"Around The Margins, stays true to its title…it stretches the imagination through arrangements that race from fragile and genteel to barely controlled chaos…it is in every way a magical and commanding listening experience, a telling of well-crafted stories that makes equal use of the freedom of imagination and the more earthbound tenets of a well-schooled intellect." ( Ed Bumgardner, Winston- Salem-Journal, 7/13/01)

*** - “a listening experience that is constantly unsettling, yet rewarding…he is writing songs that don't sound like anyone else's, and he has produced an album that illuminates his strengths as a gifted lyrical craftsman and a sonic frontiersman.” (Peter Cooper, Tennessean, Nashville, 6/4/01)

“…indefinably rare…reaches an artistic level that probably surprises Hoekstra himself…by seeking out eclectic territories that aren't hewn in by your typical singer-songwriter barbed wire while maintaining a solid narrative focus and melodic sensibility -- Hoekstra defies the common wisdom that says practitioners of his chosen genre will forever be destined for the coffee-house and bookstore circuit…a role model for the next generation of up-and-comers.” (Fred Mills, Phoenix New Times, 5/10/01)

“ **** - every song leaves me at the edge of my seat…masterpiece.” (Leo Kramer, Heaven, Netherlands, 5/01)

“A neo-classic troubadour, bard for a new century.” (Allison King, ESP, Greensboro NC, 3/28/01)

“Nashville-based, roots-oriented rocker Doug Hoekstra reaffirms his place as one of the most quirkily innovative tunesmiths in that city of songwriters with his newest offering, Around the Margins…clear that his talent is anything but marginal.” (Drew Wheeler, CDNow Featured Review, 5/01)

“Around the Margins is a blend of acoustic instruments and electronic smarts that yields a sound that’s strictly Hoekstra…his musical persona is firmly in place.” (Billboard Full Page Feature 3/10/01)

"He's not the next Dylan, he's the first Doug Hoekstra, and that should be enough, if history is just" (Jason Nickey, Bloomington Herald-Times)

"In an ideal world Hoekstra would be listened to by folk enthusiasts, middle American mainstreamers, retro-heads, and indie-land purists...fifteen years ago, he'd have been heralded the next Dylan or Springsteen." (All Music Guide)
- Various


Hoekstra CD Releases:

- Blooming Roses (WingDing Records, U.S/Europe, February 2008)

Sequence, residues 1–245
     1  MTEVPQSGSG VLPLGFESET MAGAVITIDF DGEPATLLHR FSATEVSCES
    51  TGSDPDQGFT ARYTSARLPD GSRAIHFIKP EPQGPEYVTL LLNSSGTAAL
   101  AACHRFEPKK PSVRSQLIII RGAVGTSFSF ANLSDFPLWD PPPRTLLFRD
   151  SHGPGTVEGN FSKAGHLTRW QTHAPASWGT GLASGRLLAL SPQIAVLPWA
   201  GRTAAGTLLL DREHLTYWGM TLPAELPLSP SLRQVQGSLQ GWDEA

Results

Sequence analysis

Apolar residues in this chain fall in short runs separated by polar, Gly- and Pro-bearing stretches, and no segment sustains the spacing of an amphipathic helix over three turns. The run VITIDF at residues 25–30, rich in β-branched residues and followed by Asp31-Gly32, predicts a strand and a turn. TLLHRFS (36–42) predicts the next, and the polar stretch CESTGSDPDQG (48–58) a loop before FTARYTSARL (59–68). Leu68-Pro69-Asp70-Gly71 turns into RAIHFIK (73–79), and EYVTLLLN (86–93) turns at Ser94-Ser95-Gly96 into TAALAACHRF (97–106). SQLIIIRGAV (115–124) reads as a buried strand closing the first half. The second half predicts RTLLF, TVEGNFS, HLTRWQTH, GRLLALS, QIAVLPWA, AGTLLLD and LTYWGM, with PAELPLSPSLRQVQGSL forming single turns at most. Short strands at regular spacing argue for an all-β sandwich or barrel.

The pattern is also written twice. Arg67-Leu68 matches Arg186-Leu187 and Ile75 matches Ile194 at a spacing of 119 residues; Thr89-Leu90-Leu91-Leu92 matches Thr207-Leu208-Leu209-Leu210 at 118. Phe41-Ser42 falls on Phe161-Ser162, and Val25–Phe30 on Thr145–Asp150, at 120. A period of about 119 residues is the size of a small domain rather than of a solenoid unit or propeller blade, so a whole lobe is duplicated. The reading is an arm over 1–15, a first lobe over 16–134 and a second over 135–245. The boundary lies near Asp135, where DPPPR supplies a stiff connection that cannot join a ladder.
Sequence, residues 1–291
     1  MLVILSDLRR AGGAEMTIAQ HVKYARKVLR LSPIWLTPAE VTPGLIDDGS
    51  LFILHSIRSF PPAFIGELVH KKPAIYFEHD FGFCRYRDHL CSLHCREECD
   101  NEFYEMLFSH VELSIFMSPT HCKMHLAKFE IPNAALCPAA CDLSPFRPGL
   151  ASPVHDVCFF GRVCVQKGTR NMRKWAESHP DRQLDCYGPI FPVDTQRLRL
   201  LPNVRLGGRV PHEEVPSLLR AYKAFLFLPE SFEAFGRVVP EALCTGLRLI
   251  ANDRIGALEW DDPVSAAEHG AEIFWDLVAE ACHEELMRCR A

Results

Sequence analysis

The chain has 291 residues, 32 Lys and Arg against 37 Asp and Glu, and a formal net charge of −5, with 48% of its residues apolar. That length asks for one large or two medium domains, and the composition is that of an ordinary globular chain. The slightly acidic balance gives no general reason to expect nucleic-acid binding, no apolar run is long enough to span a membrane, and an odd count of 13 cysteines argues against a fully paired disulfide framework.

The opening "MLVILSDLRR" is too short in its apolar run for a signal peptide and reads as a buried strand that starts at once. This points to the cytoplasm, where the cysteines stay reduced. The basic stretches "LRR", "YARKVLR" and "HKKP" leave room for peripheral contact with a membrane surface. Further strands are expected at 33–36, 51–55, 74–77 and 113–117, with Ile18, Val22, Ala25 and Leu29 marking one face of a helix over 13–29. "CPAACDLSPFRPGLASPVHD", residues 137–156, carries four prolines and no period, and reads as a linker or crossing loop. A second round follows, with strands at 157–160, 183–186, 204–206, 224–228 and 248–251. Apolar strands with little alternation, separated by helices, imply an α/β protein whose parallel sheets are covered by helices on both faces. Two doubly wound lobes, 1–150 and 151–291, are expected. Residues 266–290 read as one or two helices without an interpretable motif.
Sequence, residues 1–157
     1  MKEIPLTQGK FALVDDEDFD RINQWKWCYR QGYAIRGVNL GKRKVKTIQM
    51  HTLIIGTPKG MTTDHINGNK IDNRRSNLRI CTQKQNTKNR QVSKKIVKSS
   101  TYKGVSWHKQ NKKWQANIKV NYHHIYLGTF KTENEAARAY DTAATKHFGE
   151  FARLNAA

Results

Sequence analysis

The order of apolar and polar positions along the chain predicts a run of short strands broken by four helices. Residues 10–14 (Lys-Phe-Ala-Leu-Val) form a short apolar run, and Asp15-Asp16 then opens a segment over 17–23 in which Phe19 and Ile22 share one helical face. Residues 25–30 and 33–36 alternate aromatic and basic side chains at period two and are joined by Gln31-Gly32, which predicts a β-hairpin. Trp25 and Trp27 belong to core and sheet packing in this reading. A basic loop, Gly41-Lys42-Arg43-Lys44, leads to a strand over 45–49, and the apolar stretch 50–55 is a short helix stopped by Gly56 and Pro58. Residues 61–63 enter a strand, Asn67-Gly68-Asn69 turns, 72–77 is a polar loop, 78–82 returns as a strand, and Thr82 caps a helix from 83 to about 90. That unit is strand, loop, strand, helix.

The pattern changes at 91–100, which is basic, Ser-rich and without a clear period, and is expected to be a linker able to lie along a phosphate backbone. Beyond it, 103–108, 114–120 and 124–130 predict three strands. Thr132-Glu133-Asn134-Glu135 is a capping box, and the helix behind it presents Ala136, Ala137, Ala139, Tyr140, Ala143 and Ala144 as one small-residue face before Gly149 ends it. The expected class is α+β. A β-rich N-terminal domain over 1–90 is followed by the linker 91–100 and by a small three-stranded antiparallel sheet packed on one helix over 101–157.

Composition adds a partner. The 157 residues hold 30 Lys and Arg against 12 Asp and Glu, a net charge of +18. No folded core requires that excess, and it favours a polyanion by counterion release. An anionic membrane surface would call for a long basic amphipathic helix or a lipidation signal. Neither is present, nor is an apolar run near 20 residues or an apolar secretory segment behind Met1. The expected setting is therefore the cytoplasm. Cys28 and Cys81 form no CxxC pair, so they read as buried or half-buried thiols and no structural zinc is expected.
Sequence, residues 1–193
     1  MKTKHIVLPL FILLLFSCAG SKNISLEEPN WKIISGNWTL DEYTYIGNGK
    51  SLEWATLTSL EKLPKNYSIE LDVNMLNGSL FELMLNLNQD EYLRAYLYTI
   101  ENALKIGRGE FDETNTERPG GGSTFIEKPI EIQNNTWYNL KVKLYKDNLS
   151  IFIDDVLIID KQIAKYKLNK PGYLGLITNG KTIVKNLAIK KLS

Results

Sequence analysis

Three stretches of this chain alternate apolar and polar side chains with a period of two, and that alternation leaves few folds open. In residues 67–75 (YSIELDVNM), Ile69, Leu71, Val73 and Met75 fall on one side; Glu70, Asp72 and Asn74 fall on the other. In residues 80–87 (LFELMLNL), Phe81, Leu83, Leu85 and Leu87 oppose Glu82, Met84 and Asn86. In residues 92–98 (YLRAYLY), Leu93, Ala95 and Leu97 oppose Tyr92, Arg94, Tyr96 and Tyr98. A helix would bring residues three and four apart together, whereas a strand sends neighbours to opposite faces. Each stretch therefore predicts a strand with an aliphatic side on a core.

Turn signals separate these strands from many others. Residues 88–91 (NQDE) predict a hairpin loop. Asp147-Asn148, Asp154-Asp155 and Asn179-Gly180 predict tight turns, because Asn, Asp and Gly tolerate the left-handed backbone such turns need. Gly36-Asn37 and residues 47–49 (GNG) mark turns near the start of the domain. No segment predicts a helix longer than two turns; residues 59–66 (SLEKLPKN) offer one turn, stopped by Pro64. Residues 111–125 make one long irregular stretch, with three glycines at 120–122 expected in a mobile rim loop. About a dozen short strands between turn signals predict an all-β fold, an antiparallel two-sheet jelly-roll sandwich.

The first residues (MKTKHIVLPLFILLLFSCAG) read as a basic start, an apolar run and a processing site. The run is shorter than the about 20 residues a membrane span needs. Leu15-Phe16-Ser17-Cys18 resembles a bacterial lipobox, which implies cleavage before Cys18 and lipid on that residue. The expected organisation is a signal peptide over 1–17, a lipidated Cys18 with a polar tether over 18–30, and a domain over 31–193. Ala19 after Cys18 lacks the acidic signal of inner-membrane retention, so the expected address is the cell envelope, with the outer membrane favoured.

- Su Casa Mi Casa The Official Live Bootleg
(Headroom UK & US, June, 2005)
- Waiting
(Paste US, June 2003/Headroom UK, Feb. 2004)
- The Past is Never Past
(Inbetweens Europe, October 2001)
- Around the Margins
(Inbetweens Europe & US, March 2001)
- Make Me Believe
(Round Tower UK, 2000)
- Rickety Stairs (Back Porch, 1996)
- When the Tubes Begin to Glow (Back Porch, 1995)

Hoekstra Books, EPs, Compilations:

- Bothering the Coffee Drinkers
(Canopic Publishing IPPY Award Winning Book, June 2006)
- Six Songs
(Wing Ding Records EP, June 2005)
- Sound Asleep/Hit the Hay
(“Camden Town,” Sweden 2005)
- Americana-UK Collection
(“The Bottomless Pit,” UK, 2005)
- Comes With a Smile
(“Because She Loves Him,” UK, 2003)
- Acuarela Songs
(“Watercolor Rose,” Spain, 2001)
- Doug Hoekstra Combo Live at Sal’s
(Hinah, France, 2001)
- Comes With a Smile
("If the World Was Blind," UK, 2001)
- Songwriter: a contemporary collection
(“Cottonwood Tree” /“Slipping Through the Cracks,” XIII Bis Records, France, 1997)



"A lot of people write songs, Hoekstra writes five-minute worlds" (Wired Magazine)

Doug Hoekstra’s instantly recognizable musical persona and deep talent for songcraft have garnered years of praise from critics, djs, and fans throughout the United States and Europe. Raised in Chicago and living in Nashville, he has earned a well-deserved reputation as a man with an ear for a phrase and an eye for detail, a man known as a “songwriter’s songwriter” (CMJ Music Monthly). Hoekstra's gentle baritone anchors his music, setting sympathetic narratives against a backdrop of memorable melodies, wry rhythms, and subtle but unexpected arrangement touches. The sum total of the parts? "Americana's answer to Oscar Wilde...mesmerizing both musically and lyrically" (Americana-UK).

In addition to live discs, eps, and other oddities, Hoekstra has released six full-length works on labels in the U.S. and Europe, earning him Nashville Music Award, Independent Music Award, and NARAS nominations. Hoekstra’s latest project, Blooming Roses, features all the Hoekstra hallmarks – honest vocals, narrative lyrics, emotive chord changes and impeccable musicianship. From the soul vibe of the title track to the atmospheric groove of the closer (Everywhere is Somewhere), the music is infused with mood and purpose, creating a unified and rich musical landscape that stands as Hoekstra’s strongest work to date. The CD was recorded primarily at True Tone Recording studios in Nashville, with David Henry producing (David Mead, Josh Rouse, Rod Picott) and a bevy of Nashville’s finest helping achieve its dreamlike cohesion. The album’s closing track was cut in Stavanger, Norway at Out of Tunes Recording with members of Thomas Dybdahl’s band (Oyvind Berekvam, Eirik Lye) at the helm.

Hoekstra has toured both sides of the pond extensively, performing at bookstores, coffeehouses, clubs, libraries, pubs, festivals, radio stations, and castles, solo and with band in tow. Throughout this journey, Hoekstra has been participant and observer, finding time to write a boatload of prose about these and other experiences. His short fiction and non-fiction has appeared in numerous literary journals, and he was nominated for the Pushcart Prize for his tale “The Blarney Stone” (2006). His first-full length collection of prose, Bothering the Coffee Drinkers, was published in 2006 to rave reviews and earned a Bronze Medal for Best Short Fiction in the 2007 Independent Publisher Awards (IPPYs). As Paste Magazine noted, “Music runs like a liquid vein through these 80-proof experiences. Hoekstra pours it out with a Dylan-esque fervor, giving us a sputtering catalog of beauties and terrors…”

For more on Doug's many moods, go to or